Plasticity is a hypothetical construct that would allow speakers to change or alter their current rule system in the presence of a problem such as a velopharyngeal closure deficit.
It is likely that all are important in velopharyngeal closure, and an appropriate treatment furnishes opportunities for the speaker to unconsciously engage in tasks that may facilitate flexibility or plasticity (Clark, 2003; Weismer, 1997).
Aims and Findings of Muscle Treatment Programs in the Treatment of Velopharyngeal Closure for Speech
There are different types of muscle treatment programs that have been and are currently employed by speech-language pathologists in the behavioral treatment of velopharyngeal closure.
A strength building exercise for velopharyngeal closure can be carried out with the use of continuous positive airway pressure (CPAP) (Kuehn1991, 1997; Kuehn et al.
Velopharyngeal closure or movement toward closure occurs during dry swallowing, and having the client engage in "hard swallowing" creates the movement of a muscle group outside of its normal operating range.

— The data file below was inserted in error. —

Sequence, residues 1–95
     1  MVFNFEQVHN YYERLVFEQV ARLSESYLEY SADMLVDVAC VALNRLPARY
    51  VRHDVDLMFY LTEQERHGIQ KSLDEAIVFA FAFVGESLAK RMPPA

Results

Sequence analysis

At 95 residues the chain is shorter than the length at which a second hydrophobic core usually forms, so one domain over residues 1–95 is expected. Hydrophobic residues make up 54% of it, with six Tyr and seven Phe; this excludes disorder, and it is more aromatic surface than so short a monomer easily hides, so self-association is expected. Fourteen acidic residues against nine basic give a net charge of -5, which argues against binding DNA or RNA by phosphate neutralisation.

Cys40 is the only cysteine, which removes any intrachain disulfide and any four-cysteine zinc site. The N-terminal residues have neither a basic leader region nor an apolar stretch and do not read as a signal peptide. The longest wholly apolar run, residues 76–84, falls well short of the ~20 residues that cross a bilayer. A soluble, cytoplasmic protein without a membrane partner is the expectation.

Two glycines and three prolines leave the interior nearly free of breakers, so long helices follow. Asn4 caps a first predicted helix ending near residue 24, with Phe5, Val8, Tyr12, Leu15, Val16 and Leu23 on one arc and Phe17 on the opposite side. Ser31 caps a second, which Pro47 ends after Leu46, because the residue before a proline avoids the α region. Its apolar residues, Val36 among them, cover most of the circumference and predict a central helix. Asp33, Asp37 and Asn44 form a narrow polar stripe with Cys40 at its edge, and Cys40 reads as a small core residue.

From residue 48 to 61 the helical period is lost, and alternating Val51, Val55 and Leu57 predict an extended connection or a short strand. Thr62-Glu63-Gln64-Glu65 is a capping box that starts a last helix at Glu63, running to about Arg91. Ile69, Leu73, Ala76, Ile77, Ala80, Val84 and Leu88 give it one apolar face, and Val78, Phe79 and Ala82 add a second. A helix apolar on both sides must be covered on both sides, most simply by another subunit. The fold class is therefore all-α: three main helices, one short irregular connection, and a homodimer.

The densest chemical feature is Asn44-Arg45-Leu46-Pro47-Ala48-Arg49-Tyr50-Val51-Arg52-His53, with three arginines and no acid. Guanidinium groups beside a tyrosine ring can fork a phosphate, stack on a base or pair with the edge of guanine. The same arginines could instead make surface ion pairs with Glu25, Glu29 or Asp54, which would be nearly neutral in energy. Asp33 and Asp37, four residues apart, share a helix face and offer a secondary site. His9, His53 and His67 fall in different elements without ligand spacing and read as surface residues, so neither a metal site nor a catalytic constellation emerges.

Some of the subjects were able to increase muscle strength and/or range of motion through systematic resistance practice and improve velopharyngeal closure for speech.
Activities such as blowing, sucking, and swallowing have been employed, since velopharyngeal closure occurs in normal speakers during such activities.
The correction of compensatory sound system errors such as glottal stops has been shown to positively influence velopharyngeal closure (Henningsson & Isberg, 1986).